You are here:

Entomology (Study of Bugs)/Please help me to ID this


Photo 1
Photo 1  
Photo 2
Photo 2  
QUESTION: Hello there,

I found these under my bed on some loose tape that had fallen behind there, they appear to be white with brown heads and looser brown dots scattered around. How do I get rid of them?

Thank you for your help in advance.


The images clearly show insect LARVAE of some kind.  The bad news is that I'd have to have the actual specimens to even tell you what ORDER of insect it is (beetle?  moth?  fly?).

My guess is that it is some kind of "stored product pest," and if you "Googled" that term you might find a good website to help you out....

Here's one that I find very useful:

The loose black dots are "frass," by the way (insect poop).

You need to find out what they are eating, and discard that item (or clean under the bed very thoroughly).

Hope this helps a little.  There are limitations on what I can do in some cases when images alone are not enough.


---------- FOLLOW-UP ----------


Since there is no food, and only clothing in my room, I am not sure what the source would be. In any case, I have vacuumed the area but I just wanted to ask
1) is finding these larva a sign of a much larger problem? or could it possibly be at an end now since these larva are dead?
2) what else can I do to kill all and end the problem ASAP?

Thanks for your help


Accumulated dust= mostly shed skin flakes of people and pets which equals "food" for stored product pests that feed on dried animal products.

Accumulated shed hair from people and pets= food, too.

Wool clothing and blankets=animal hair=food.

Store woolens in a cedar chest when not in use.  Cedar has proven repellent qualities.  Forget mothballs (naphthelene is totally ineffective) and moth crystals (paradichlorobenzene is at least a *potential* carcinogen).

Store vulnerable foodstuffs in glass or metal containers with tight-fitting lids.

That is the best advice I can offer, not knowing exactly what you have there.


Entomology (Study of Bugs)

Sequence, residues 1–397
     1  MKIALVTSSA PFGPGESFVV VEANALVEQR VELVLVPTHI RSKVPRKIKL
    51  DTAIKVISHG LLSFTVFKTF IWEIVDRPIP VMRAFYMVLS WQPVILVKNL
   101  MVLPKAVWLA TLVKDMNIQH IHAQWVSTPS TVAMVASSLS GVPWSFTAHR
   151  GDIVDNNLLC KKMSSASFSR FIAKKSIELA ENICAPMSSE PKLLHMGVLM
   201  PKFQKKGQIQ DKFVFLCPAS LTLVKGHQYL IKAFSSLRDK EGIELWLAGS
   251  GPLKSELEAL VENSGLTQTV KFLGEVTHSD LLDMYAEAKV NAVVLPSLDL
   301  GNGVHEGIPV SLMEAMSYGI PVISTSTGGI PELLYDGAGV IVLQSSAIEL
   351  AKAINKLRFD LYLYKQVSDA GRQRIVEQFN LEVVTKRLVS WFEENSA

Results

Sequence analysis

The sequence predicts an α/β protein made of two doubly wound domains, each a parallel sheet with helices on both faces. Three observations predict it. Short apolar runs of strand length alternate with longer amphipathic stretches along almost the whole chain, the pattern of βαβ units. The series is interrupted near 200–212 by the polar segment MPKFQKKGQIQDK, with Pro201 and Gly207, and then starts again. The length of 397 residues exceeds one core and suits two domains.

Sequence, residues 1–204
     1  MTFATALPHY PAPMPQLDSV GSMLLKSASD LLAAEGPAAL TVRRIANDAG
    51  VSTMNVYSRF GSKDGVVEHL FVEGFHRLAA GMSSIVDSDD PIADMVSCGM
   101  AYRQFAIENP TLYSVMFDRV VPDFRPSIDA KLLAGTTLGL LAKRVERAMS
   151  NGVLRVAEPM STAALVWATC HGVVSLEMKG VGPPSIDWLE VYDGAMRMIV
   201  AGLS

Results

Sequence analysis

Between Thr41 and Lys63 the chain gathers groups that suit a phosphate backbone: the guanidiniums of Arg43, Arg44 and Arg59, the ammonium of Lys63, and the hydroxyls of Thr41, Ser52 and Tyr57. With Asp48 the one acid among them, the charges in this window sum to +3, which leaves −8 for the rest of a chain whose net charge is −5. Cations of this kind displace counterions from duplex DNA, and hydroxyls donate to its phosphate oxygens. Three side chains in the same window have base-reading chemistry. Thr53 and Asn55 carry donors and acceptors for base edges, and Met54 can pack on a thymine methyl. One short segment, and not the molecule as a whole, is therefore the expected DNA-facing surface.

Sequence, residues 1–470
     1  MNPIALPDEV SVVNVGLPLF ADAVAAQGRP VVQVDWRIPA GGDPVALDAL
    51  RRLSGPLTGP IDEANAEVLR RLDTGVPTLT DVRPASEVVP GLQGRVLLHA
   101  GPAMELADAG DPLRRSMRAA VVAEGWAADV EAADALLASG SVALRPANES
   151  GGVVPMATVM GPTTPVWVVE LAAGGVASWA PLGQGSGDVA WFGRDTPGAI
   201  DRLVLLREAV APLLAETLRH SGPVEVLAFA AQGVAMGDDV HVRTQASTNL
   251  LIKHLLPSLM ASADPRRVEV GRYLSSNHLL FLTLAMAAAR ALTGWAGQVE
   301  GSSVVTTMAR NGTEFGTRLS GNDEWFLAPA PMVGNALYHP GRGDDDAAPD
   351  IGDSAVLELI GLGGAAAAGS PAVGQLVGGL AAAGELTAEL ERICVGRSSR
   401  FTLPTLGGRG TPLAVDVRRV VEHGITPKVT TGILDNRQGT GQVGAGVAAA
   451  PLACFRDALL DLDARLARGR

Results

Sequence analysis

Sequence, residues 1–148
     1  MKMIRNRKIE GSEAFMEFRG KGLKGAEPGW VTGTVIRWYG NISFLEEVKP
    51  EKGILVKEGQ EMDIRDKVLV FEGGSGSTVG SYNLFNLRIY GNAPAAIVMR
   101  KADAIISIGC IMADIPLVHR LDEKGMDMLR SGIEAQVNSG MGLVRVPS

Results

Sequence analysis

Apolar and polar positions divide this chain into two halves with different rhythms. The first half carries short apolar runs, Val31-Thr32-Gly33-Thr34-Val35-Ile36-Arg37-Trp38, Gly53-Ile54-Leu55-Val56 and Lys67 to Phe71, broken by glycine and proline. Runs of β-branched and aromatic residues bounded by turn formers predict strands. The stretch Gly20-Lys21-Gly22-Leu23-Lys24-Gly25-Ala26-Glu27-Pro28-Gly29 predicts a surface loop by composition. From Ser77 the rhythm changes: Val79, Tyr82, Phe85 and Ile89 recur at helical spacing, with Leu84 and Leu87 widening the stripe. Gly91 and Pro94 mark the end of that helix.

All Answers

Answers by Expert:

Ask Experts


Eric R. Eaton


I answer insect and spider identification questions ONLY. Attach images if possible. No "what bit me?", "what do I feed this bug in captivity?", or science fair project questions please. NO TECHNICAL QUESTIONS ABOUT INSECT PHYSIOLOGY.


Principal author, Kaufman Field Guide to Insects of North America. Professional entomologist employed previously at University of Massachusetts, Chase Studio, Inc., and Cincinnati Zoo; contract work for West Virginia Department of Natural Resources, Smithsonian Institution, and Portland (Oregon) State University.

Author, Kaufman Field Guide to Insects of North America, Missouri Conservationist magazine, Ranger Rick, Birds & Blooms, Timeline (journal of the Ohio Historical Society). I have contributed to several books as well.

Oregon State University, undergraduate major in entomology, did not receive degree.

Awards and Honors
One of the top 50 experts in all categories for, 2009.

Past/Present Clients
Principal author of the Kaufman Field Guide to Insects of North America, Smithsonian Institution (contract), Cincinnati Zoo (employer), Portland State University (contract), Chase Studio, Inc (employer), Arkansas Museum of Discovery (guest speaker). Currently seeking speaking engagements, leadership roles at nature festivals, workshops, and ecotours.

©2017 All rights reserved.